Wondering what comedian Jim Gaffigan, olympic swimmer Katie Ledecky, and celebrity chef Marcus Samuelsson have in common? All three will be making special appearances at an upcoming virtual gala celebrating the 40th anniversary of Jesuit Refugee Service, a Catholic organization that works alongside displaced persons in 56 countries around the world.
The celebration, titled “Walking with Refugees for Forty Years,” is scheduled for 6 p.m. on Thursday, November 12, and will feature remarks by the United Nations’ High Commissioner for Refugees Filippo Grandi, award-winning author and editor Rev. James Martin, S.J. M.Div. '98, Th.M. '99, and Director of the National Institute of Allergy and Infectious Diseases Dr. Anthony Fauci.
The evening will also include testimonies and performances from refugees, and a musical interlude from Grammy Award-winning opera singer Isabel Leonard. JRS supporters who contribute a minimum of $100 will receive a link to attend.
Thursday's JRS event is of special interest to Boston College faculty, students, and alumni who have benefited from a long-standing partnership between the two institutions, formalized in a memorandum of understanding in 2019. Over the past 15 years, the relationship has yielded formative field placements for BC graduate students, research opportunities for faculty, and full-time employment for a number of alumni passionate about global service.
“There’s a perfect symmetry between BC’s mission and the needs of JRS,” said Theology Professor Stephen Pope. “We’re not a service organization, but there’s a strong commitment at BC to educating people so they are sensitive to and committed to the wellbeing of people on the margins.”
Pope has been involved with JRS in various capacities since 2005. Last August, he worked with BC colleagues and JRS staff to develop and lead a faith-based reconciliation and peacebuilding workshop for South Sudanese refugees living in Uganda, drawing elements from his graduate course “Peace, Justice, and Reconciliation.” The powerful experience of working on the ground with refugees inspired a case study that he hopes to use in the same class.
“A lot of things we talk about in class are theoretical and abstract,” he explained. “You try to make them real for students by giving some concrete examples about how people live and what they’ve had to overcome.”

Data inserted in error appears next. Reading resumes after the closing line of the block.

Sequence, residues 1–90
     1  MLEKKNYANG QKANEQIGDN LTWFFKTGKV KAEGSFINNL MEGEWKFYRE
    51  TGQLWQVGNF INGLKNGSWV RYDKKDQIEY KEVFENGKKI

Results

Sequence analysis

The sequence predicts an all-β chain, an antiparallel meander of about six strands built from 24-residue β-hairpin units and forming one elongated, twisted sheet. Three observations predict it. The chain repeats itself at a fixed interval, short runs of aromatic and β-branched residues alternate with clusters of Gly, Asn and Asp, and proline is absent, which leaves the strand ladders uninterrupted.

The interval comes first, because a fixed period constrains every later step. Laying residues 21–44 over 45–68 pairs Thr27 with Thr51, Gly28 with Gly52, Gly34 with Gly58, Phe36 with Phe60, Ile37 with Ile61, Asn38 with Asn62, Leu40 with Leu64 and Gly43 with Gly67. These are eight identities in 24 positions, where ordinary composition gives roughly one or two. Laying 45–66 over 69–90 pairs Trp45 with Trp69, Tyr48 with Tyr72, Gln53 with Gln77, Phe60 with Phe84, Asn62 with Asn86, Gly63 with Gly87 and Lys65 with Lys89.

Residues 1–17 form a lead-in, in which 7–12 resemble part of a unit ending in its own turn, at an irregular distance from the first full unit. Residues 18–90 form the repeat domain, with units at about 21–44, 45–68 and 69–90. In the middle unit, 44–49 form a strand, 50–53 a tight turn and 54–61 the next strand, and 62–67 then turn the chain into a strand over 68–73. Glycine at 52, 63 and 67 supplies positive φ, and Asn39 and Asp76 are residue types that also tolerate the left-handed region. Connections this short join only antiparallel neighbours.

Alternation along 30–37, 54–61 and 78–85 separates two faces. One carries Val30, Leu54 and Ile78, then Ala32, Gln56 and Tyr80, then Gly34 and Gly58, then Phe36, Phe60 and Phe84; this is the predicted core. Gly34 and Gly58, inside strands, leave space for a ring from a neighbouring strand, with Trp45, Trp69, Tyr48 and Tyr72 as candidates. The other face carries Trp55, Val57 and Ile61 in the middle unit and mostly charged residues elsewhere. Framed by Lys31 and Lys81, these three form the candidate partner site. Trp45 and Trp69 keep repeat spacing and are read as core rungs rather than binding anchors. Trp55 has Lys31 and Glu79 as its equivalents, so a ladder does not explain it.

From Ecuador to Myanmar, JRS operations span the globe, providing refugees with access to education, legal aid, psychological support, healthcare, and more while also promoting advocacy efforts on their behalf. In 2019, JRS calculated that more than 800,000 people were served through their programs, including more than 240,000 in education and training.
In 2016, JRS turned to the Boston College School of Social Work for help evaluating staff needs across its international offices. The result was a comprehensive employee wellbeing program to reduce burnout and boost retention, as well as a pipeline for social work students interested in global service. Through the Young Professionals Program, BC students work as JRS interns for four to six months, then as full-time staff for a year.
Kailey Cano ’20 MSW credits the program, and JRS, with helping her discover an interest in capacity building—helping an individual gain the skills and tools necessary to do their job more effectively. Now a full-time staff care consultant at the JRS International Office, Cano is overseeing the employee wellbeing programs she helped conceptualize as a BC graduate student.
“My knowledge of humanitarian staff care and employee wellbeing has grown exponentially since being in this position,” she said. “Before it was purely academic, but now I’m seeing it firsthand. I feel really grateful to JRS and BC to have landed here.”
Alix Hackett | University Communications | November 2020